Gospel: Matthew 6:24-34
Epistle: 1 Corinthians 4:1-13
Lesson: Isaiah 49:8-16a
Psalm: Psalm 115:(1-8) 9-18
CLB Pastors Network – Rev. Dale Hanson
These words of Jesus again remind us of the wonderful Savior he is; his words are filled with wisdom and comfort. He put the worries of this life, which we are so prone to be occupied with, in perspective. It doesn’t really matter if we are rich or poor we all seem to be driven to collect earthly treasures therefore Jesus reminds us that it is only heavenly treasures that are lasting and eternal. Notice the number of rhetorical questions Jesus asks to make his point. I love that clear, simple, commonsense proverb he states in conclusion (how many times have we not gone back to is) Take one day at a time!
It is not so much that Jesus is encouraging irresponsibility and laziness by pointing out that all the birds and flowers are taken care of by their heavenly Father but that we are to entrust our daily needs to him. He who has taken care of our greatest need, forgiveness and salvation, can also be depended on to care for our daily needs. Can we not trust him for all of our daily needs?
Quotes from Luther’s writings on this text: “Even if a man had all the riches of this world, he would nonetheless not for a moment be assured against death.”
To put it briefly, God wants people to work. It is true, of course, that God could support you without work, could let fried and boiled foods, corn, and wine grow on the table for you. But He will not do this. He wants you to work and to use your reason in this matter. He gives us wool, letting it grow for us on the sheep. But the wool is not immediately converted into cloth. We must work it up to make cloth of it. When the cloth is there, it does not promptly become a coat. First the tailor must make it. And so on; in everything God acts in such a way that He will provide, but we should work.
You should keep worrying and working apart . . . worrying is forbidden; working is prescribed. For the birds fly about before our eyes. We may well take off our hats to them and say: I must confess that I do not possess the ability you possess. You sleep in your little nest at night without any worry. In the morning you arise, are joyous and of good cheer, sit on a tree and sing, praise, and thank God. Then you go in search of your food and find it. For shame! Why have I, old fool that I am, not learned to do the same thing–I, who have so much reason to do so? And yet we cannot stop this shameful worrying.
References: The Lutheran Study Bible and the three volume set of What Luther Says complied by Ewald M. Plass.
The Expositor’s Bible Commentary
“In v.24 Jesus explains that behind the choice between two treasures (treasures in heaven and treasures on earth) there lies the still more basic choice between two masters… Both God and Money are portrayed, not as employers, but as slave owners. A man may work for two employers; but since single ownership and full time service are of the essence of slavery, he cannot serve two slave owners. Either God is served with a single-eyed devotion, or he is not served at all. Attempts at divided loyalty betray, not partial commitment to discipleship, but deep-seated commitment to idolatry.”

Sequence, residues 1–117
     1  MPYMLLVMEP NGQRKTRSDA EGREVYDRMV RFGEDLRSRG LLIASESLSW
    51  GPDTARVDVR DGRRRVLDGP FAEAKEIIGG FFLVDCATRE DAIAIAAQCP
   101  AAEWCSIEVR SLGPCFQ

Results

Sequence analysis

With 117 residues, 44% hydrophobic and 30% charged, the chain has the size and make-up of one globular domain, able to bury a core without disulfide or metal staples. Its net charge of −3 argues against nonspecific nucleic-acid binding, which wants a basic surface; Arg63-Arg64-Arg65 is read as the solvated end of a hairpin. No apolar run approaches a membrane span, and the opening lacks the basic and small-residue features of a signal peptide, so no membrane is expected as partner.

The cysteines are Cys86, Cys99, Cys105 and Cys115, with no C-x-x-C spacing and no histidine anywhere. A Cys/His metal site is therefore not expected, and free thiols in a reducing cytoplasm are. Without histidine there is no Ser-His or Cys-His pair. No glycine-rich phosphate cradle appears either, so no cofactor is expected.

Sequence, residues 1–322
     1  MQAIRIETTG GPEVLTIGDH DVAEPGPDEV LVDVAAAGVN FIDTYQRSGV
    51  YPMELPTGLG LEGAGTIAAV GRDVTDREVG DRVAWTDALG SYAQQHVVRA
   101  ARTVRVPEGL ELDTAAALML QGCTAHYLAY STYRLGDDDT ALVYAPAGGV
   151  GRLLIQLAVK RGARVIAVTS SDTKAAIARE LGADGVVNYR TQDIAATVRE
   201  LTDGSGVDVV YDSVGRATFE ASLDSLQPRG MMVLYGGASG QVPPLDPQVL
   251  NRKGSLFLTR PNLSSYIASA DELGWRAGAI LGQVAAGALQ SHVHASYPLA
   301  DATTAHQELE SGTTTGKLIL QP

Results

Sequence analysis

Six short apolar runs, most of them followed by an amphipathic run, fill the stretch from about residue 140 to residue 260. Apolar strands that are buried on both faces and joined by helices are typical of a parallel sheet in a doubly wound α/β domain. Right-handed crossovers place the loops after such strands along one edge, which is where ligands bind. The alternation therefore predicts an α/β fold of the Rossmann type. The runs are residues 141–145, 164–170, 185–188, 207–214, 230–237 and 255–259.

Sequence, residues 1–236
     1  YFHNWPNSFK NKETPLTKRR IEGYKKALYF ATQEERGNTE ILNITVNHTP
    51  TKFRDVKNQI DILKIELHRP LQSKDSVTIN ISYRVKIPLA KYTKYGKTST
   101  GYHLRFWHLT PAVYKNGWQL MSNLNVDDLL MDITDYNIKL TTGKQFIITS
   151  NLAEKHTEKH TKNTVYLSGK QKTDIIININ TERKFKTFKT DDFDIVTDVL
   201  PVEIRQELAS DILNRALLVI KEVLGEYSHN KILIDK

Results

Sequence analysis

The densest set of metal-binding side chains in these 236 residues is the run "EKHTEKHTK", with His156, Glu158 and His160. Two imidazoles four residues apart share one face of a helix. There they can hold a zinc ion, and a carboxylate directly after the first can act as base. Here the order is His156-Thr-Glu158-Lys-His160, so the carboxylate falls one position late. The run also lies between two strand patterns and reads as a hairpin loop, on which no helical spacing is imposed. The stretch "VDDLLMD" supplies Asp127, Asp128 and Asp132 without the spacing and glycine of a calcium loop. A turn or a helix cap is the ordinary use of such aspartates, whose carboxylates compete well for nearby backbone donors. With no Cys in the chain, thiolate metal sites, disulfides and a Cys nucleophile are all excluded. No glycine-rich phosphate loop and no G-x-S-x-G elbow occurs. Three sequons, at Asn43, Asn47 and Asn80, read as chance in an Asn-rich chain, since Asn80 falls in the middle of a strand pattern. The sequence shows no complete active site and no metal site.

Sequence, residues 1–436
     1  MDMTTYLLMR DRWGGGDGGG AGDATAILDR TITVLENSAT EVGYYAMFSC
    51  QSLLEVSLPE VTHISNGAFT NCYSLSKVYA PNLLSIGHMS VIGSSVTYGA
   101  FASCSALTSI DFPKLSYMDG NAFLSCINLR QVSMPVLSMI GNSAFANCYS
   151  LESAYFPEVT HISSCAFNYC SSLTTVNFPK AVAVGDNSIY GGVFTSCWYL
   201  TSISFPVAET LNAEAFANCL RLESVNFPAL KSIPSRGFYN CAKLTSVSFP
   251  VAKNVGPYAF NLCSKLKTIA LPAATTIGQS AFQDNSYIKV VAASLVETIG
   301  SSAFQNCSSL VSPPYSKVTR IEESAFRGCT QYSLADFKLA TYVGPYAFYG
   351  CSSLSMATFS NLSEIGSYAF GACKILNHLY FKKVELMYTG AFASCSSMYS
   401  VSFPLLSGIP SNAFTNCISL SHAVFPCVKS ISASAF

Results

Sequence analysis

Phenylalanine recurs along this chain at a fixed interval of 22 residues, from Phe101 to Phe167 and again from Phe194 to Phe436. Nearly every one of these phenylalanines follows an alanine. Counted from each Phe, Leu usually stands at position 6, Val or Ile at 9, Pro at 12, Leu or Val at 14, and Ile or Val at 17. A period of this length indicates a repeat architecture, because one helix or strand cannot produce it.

Carson, D.A., The Expositor’s Bible Commentary: With The New International Version. Grand Rapids, MI: Zondervan, 1995.
Interpretation of Saint Matthew’s Gospel
“Will God nourish birds and forget his own children? Here again the keyword ‘your heavenly Father’ appears. The cure for all hypocrisy (v. 2-18) and for all self-deception is this: that we keep our eyes upon this Father. Though he made the birds and feeds them, he is in the relation of a ‘Father’ only to us who are his children in Christ Jesus. To us he is far more than he is to the birds.”
Lenski, C.H., Interpretation of Saint Matthew’s Gospel. Minneapolis, MN: Augsburg Publishing House, 1943.
The NIV Application Commentary – Matthew
“Jesus’ reasoning culminates in the famous directive, ‘But seek first his kingdom and his righteousness.’ This climactic admonition draws the listeners back to the key verse of the sermon, where Jesus declared, ‘Unless your righteousness surpasses that of the Pharisees and the teachers of the law, you will certainly not enter the kingdom of heaven’ (5:20). The use of the imperative ‘seek’ does not mean to look for something not present, for Jesus has already announced the arrival of the kingdom. In this context it means that his disciples are to make the kingdom of heaven the center of their continual, daily priorities. They have already entered the kingdom of heaven and are to live with that reality, drawing on God’s ordering of their daily lives. In doing so they will ‘seek… his righteousness.’”
Wilkins, M.J., The NIV Application Commentary – Matthew. Grand Rapids, MI: Zondervan, 2004.